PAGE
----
Everyone will forget something at some point of time and it is quite natural. But what if you have no idea what you did last week? Or if you no longer remember people you know? In here you can read all about memory loss. First we will explain what memory loss exactly is, making a distinction between short-term memory, long-term memory and sensory memory. We then discuss the possible causes of memory loss and explain the relationship between memory loss and stress. Finally, we give you tips that help you to reduce memory loss.
What is memory loss?
The memory consists of the short-term memory, the long-term memory and the sensory memory. If a mistake occurs somewhere, memory loss can occur. Memory loss means that you cannot remember certain details and this condition is often called amnesia in the medical world. There are various reasons for the same, age-related causes of memory decline play an important part in here.
Permanent memory loss
In some cases there may also be permanent memory loss (partial or total), experts distinguish two forms of this type of memory loss, retrograde amnesia, where you cannot remember anything from events for a particular incident that is the cause of your memory loss (for example, a car accident) and anterograde amnesia, in which you cannot remember anything from the moment that a certain incident was the cause of your memory loss.
Temporary memory loss
In most cases, temporary memory loss lasts no longer than a day, but in certain cases it can last for several days. There are different types of memory loss that only last for a short time, such as acute memory loss. A recognizable form of acute memory loss is the TOT phenomenon, tip of the tongue, where a word lies on the tip of your tongue but you do not get it. Everyone is sometimes bothered by this, although you often do not think about it any further.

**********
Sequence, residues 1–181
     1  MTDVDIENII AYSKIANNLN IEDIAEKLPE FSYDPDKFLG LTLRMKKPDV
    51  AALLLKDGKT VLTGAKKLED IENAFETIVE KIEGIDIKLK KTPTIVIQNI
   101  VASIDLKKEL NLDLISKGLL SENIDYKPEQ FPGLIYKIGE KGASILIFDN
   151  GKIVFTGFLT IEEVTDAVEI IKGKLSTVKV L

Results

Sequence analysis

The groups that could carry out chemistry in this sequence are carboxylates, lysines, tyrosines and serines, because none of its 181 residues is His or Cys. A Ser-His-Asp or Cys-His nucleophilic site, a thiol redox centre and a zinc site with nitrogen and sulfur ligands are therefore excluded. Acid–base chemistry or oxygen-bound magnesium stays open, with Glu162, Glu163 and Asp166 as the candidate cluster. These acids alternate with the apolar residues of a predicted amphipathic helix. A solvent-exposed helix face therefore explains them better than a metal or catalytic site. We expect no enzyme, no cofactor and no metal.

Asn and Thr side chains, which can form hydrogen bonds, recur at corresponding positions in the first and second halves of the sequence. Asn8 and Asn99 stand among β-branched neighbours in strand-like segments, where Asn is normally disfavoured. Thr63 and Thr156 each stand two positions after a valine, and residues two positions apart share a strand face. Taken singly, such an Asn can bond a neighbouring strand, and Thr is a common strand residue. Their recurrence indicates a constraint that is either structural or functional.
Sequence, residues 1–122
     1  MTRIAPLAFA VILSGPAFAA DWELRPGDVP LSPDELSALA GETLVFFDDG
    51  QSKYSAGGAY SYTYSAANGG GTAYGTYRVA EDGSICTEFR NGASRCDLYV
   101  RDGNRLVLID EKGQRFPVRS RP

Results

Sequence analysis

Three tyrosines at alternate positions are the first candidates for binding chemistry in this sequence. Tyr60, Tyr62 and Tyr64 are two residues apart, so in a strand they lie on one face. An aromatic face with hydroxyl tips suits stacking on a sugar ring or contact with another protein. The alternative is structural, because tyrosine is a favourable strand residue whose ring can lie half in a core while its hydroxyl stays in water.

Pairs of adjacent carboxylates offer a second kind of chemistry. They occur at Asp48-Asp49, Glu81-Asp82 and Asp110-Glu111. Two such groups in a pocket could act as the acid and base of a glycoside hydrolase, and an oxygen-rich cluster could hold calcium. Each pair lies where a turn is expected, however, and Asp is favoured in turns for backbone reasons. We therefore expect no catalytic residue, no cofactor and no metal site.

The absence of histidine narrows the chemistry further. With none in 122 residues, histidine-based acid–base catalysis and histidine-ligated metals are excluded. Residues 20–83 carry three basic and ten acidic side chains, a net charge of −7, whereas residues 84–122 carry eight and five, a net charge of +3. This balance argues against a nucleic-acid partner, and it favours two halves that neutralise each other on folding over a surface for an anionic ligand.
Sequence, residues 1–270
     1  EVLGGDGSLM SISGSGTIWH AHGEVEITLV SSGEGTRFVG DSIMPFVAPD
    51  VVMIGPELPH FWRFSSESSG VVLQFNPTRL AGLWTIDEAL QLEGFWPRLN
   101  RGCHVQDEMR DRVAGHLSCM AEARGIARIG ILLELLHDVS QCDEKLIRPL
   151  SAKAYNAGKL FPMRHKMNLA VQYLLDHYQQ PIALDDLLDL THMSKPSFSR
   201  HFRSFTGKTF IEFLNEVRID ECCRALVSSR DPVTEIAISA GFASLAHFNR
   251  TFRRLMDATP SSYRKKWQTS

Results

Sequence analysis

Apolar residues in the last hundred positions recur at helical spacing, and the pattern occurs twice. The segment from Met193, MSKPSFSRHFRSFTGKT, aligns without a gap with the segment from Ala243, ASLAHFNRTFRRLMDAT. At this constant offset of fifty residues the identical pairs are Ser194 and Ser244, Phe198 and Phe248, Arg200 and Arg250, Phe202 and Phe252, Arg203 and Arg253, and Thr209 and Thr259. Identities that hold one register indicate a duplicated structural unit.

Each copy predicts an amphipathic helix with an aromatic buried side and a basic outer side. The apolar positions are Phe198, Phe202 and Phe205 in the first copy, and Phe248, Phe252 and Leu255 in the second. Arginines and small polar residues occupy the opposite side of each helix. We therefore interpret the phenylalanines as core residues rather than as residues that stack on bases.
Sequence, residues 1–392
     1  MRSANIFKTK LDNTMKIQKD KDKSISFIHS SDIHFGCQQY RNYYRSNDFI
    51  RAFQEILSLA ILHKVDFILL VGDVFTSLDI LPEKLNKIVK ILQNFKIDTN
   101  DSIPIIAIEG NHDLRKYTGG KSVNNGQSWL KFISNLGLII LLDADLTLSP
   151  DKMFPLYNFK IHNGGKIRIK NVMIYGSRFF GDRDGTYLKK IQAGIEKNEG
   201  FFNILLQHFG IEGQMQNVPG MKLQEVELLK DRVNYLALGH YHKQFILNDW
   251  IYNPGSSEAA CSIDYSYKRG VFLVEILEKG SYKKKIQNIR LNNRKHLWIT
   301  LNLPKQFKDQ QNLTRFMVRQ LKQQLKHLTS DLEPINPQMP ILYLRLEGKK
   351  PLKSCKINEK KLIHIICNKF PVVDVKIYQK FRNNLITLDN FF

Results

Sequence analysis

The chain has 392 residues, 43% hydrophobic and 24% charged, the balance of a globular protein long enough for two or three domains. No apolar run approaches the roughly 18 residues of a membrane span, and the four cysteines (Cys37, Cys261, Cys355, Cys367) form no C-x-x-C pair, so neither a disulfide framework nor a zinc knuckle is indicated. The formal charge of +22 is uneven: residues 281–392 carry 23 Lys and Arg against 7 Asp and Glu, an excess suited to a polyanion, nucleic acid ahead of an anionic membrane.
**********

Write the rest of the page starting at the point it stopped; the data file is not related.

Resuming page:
Causes of memory loss
Diseases such as dementia, stroke or old-age diseases can lead to partial or complete memory loss. Forms of memory loss that are common in the elderly are dementia and Alzheimer’s. As you get older, information is processed less quickly and you can remember your information less quickly. People at a younger age can also become demented. Physical injury can cause temporary or complete memory loss. Just think of a hard fall or blow to your head, or a skull fracture. Even with less serious injuries, such as a concussion, short-term memory loss can occur. In most cases you cannot remember anything from the event. These complaints usually last for a few days, depending on the severity of your concussion.
Excessive alcohol consumption can lead to temporary or partial memory loss and in some cases even cause brain damage. When you suffer from memory loss and especially experience problems with the short-term memory, age-related causes of memory decline probably comes in to play. Other factors such as low blood pressure, anemia, dehydration, malnutrition or lack of vitamin B12 can also lead to temporary or severe memory loss.